The Tailrace Inn at Kinlochleven also provided welcome respite, if only in the form of yet more bloody football, this time in a comfortable locals’ bar where some of those were amused and entertained by us arriving ‘hotfoot’ from a couple of hours in a howling, finger-numbing gale force wind. Prior to our arrival, we’d been attempting to fish the ‘narrows’ of Loch Leven where our only catch had been a small and mysteriously rust-coloured fish, a photograph of which was passed around the bar in order to confirm its identity as a small codling. “I’ve used bigger fish as bait” was the most amusing riposte we received as we warmed our hands around two very cold pints of Guinness.

Strange, incongruous architecture dominated this village: a huge, utilitarian brick-built edifice housed the World’s Biggest Indoor Ice Climbing Walls while another large, unidentified and therefore mysteriously sinister-looking building sat above the village, like a backdrop to ‘Where Eagles Dare’. Below this, nestled a cluster of houses all uniformed in a bold cream and red colour scheme, reminiscent of raspberry-ripple ice cream. And for anyone amongst our dedicated readership who gives a tinker’s cuss: Liverpool 2 – Porto 0 and Liverpool 2 – Chelsea 0. Hurrah.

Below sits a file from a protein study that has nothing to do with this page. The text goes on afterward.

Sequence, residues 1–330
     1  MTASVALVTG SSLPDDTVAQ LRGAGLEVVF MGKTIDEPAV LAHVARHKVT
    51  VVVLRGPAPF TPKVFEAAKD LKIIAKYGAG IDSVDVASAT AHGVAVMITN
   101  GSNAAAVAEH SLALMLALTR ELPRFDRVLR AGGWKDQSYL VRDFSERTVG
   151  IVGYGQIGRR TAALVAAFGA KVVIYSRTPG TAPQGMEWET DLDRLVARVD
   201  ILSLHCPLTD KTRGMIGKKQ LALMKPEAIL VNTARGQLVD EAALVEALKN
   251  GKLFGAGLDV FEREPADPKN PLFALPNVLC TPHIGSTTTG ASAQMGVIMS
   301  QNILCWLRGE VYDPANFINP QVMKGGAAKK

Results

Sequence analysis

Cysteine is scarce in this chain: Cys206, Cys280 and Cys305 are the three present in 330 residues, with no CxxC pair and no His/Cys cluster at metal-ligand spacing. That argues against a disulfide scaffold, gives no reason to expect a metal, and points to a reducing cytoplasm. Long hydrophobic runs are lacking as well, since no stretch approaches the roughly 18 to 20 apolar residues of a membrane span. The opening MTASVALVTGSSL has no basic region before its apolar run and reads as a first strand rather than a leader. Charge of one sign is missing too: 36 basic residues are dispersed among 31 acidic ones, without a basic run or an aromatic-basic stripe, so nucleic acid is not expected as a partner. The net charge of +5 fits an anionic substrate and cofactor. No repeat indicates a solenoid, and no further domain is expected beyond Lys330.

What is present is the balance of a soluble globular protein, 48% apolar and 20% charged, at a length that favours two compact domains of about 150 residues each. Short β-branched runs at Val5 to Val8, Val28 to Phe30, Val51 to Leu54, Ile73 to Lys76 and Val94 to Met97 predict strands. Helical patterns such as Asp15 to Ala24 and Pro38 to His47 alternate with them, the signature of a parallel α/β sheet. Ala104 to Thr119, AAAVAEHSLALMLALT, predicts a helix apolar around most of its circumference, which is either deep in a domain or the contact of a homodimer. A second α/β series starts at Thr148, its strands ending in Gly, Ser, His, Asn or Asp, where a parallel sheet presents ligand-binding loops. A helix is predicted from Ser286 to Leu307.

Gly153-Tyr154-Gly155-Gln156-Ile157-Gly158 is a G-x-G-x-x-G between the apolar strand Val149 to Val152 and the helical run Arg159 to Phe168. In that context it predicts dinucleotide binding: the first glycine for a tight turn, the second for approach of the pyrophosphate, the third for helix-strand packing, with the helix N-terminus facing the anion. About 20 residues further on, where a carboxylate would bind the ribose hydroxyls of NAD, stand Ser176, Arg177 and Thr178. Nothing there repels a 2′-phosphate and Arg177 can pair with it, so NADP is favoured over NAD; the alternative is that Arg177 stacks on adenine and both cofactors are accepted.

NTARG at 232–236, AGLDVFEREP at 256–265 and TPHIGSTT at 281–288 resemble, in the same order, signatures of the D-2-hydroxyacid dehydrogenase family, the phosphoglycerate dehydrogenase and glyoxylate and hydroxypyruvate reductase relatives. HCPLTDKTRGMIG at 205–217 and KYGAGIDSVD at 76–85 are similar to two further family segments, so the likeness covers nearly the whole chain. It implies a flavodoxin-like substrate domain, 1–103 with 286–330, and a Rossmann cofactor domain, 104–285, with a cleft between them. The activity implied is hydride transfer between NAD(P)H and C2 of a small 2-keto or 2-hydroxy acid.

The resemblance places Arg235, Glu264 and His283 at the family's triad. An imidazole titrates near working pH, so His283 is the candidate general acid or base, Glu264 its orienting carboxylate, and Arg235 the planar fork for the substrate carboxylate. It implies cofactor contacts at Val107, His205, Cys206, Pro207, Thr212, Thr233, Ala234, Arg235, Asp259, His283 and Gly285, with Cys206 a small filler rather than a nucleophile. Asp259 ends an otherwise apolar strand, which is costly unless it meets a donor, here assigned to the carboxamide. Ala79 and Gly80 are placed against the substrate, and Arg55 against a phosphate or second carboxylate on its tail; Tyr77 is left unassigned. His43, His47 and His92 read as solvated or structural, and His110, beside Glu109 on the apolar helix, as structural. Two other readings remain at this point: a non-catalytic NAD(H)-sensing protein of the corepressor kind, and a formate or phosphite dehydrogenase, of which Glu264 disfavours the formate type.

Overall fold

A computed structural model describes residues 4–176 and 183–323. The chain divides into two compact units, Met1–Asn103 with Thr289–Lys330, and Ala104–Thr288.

Douglas Numpty

Douglas. We can’t quite get over our stroke of luck in finding Douglas. Not that he was lost, he was just waiting for us to turn up. A little like Nairn, it was another place we visited twice – but this time voluntarily – as it provided such a beguilingly delightful beginning and end to our round trip. A river runs through it; there’s a string of fishable lakes set in gently rolling estate parkland; a ruined castle; historic monuments and church. The village has all the amenities you might need in the form of pub; cafés; petrol station; butcher’s and baker’s – along with easy parking and – as we discovered while overnighting ‘wild’ alongside a birdwatcher’s dream lake – warm and friendly dog-walkers. Thank you, Douglas, we will return.

LSM&UC. When we become too old and decrepit to clamber into the Knumpty cockpit anymore (let alone mount the ladder to our corduroy-lined over-cab bed), we’ve decided we needn’t give it all up – we’ll just become LSM&UC – from which we’ll earn a handsome retirement living. LSM&UC? Easy! Limited Space Maximisation & Usage Consultants.